Con-movies are one of the hardest types of movies to pull off successfully—much like an actual con-job. You have to keep the viewer caught up just enough to not lose interest, while also being enough ahead of them to know exactly what’s going to happen while not blatantly revealing it. Focus, an edgy, lop-sided thriller, fails like many others at being creative enough to fool the audience as its story runs too long in a lot of different directions, but thanks to Will Smith’s charm and Margot Robbie’s allure, we are still deceived into getting some solid entertainment out of it.
Will Smith’s Nicky Spurgeon is good at his job—too good. He can pickpocket anything and lie to get out of every situation. When he meets Margot Robbie’s Jess, an amateur pickpocket and con-woman, he falls for her, but then lies to her to get out of it to avoid the pitfalls of romance on the con. This brief affair comprises what feels like half of the movie. With a third of that focusing on an overly long con scene that passes by like an eternity as it has nothing to do with the overall plot of the film—which is pretty barebones as is. The real plot comes about halfway through when, three years after the first half, Nicky and Jess meet again and trouble comes their way in the form of a long-con and the uncertainty of whose motives lie where. If you’re looking for a gripping story, that has unpredictability and twists, look elsewhere because you can pretty much tell what’s going to happen once you are introduced to the main players.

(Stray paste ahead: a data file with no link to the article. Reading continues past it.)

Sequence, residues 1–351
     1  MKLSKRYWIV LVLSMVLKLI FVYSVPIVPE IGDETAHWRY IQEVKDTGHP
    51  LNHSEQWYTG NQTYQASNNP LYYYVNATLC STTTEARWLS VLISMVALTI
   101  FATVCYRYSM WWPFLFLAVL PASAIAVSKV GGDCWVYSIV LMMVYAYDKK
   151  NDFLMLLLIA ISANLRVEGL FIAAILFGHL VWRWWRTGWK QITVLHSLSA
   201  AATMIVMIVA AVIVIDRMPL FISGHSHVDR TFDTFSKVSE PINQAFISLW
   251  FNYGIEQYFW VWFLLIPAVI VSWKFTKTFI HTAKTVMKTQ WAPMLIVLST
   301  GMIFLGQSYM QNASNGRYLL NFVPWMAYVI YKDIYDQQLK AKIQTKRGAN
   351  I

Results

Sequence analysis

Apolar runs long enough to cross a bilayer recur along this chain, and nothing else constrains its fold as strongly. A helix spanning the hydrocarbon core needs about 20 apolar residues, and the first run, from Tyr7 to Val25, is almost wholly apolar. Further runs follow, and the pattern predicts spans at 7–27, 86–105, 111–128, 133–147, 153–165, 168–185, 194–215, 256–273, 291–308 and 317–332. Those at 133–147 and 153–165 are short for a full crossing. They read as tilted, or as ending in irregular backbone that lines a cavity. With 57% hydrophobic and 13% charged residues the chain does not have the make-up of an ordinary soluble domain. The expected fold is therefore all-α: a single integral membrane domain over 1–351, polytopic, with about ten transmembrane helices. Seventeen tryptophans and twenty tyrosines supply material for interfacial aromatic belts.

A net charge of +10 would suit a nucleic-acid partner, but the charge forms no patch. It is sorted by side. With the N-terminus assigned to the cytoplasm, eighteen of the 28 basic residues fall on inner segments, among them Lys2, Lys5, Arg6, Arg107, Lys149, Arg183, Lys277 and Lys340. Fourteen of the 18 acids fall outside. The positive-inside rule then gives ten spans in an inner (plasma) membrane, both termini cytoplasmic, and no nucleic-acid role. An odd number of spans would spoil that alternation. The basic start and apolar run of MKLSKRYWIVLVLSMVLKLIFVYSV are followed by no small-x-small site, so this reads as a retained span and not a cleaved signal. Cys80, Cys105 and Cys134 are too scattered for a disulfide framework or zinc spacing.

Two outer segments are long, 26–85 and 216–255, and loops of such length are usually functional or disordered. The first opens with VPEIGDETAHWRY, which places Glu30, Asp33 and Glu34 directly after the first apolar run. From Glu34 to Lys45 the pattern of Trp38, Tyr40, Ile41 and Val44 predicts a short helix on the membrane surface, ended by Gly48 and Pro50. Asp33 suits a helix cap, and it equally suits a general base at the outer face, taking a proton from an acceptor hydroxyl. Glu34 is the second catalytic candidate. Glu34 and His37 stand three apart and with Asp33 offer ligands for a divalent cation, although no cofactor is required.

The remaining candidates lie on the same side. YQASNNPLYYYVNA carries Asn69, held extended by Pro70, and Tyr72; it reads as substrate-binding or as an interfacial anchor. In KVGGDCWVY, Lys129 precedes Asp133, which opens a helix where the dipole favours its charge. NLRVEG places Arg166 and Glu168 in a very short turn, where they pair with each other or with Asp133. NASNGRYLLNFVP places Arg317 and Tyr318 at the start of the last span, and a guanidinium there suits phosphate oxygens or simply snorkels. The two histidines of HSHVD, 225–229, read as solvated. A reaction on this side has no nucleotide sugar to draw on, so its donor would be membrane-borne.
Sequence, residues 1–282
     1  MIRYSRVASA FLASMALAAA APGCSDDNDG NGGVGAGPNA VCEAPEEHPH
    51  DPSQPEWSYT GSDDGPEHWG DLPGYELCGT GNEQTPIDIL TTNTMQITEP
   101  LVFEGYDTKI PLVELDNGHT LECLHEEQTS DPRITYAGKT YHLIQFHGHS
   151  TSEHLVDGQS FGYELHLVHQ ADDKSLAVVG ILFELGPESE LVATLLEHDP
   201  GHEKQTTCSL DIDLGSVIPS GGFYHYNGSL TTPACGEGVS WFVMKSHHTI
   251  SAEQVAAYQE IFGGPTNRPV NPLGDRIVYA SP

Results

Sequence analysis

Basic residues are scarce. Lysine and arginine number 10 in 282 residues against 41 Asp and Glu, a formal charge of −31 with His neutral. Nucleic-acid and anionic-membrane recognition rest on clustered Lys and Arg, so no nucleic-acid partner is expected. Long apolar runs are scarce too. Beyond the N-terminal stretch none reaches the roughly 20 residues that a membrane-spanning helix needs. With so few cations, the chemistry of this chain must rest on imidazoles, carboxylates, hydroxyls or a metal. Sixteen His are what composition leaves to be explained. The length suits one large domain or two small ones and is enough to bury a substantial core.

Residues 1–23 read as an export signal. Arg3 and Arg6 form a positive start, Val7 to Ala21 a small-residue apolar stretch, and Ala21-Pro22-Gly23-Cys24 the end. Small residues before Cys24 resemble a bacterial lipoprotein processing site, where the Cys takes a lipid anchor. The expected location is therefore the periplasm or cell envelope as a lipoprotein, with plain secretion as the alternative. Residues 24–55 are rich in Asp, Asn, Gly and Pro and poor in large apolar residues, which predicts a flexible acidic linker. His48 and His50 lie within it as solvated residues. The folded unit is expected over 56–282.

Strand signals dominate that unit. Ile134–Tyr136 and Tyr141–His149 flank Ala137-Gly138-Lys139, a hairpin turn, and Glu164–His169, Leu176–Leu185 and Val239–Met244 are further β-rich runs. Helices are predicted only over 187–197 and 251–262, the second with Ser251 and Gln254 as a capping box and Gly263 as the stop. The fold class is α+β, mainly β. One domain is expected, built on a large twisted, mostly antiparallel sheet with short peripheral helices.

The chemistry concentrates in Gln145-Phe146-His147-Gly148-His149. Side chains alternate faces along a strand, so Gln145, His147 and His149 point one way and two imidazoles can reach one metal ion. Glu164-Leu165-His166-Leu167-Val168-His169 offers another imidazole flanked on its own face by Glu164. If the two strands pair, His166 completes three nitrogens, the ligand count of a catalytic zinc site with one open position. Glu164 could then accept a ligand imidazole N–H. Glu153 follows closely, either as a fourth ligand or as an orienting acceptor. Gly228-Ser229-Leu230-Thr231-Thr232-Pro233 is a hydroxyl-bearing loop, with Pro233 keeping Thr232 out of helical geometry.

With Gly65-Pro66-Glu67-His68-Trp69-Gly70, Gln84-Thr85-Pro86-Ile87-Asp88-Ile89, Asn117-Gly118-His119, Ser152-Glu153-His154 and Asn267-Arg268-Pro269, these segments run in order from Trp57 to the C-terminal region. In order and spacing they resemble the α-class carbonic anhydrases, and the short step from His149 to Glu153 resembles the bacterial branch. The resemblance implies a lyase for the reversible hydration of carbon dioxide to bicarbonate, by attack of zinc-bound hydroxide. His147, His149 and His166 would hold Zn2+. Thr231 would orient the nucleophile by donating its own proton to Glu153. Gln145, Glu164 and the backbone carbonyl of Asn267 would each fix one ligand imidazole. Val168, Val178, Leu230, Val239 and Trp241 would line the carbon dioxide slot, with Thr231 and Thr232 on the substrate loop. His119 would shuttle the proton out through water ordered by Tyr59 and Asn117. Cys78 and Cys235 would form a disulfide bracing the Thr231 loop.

Thankfully though, the bland story is made up for by Smith and Robbie who both give suave, sexy performances as the conning couple. Though it isn’t much of a stretch from Smith’s usual personas, he is still a delight to watch in a role that seems to be tailored to his non-action movie style. Robbie, who gained recognition after The Wolf of Wall Street (and will be playing Harley Quinn in Suicide Squad along side Smith,) is sultry and naive. As she grows as a pickpocket, she starts to use everything she’s got to distract, confuse, and eventually scam anyone she wants. She has a seductive air to her, and shares an enticing chemistry with Smith making their scenes both exciting and fun, but she also has the strength to make her a formidable character and not just a sex-symbol.
The supporting cast, which is made up of an odd mixture of actors, consists of Adrian Martinez, Rodrigo Santoro, and Gerald McRaney. Their characters are hardly established and only serve as plot devices conceived to move the struggling story forward. It doesn’t help that they are vastly overshadowed by the towering figures of Smith and Robbie who are the primary…focus…of the film.
In the end, Focus is not your next great con-movie. It offers a different sort of appeal than last years American Hustle, but ultimately its story drags it down to nearly a point of no return. Without Smith and Robbie this would have been a disaster, but don’t let the other reviews con you into thinking there isn’t anything here.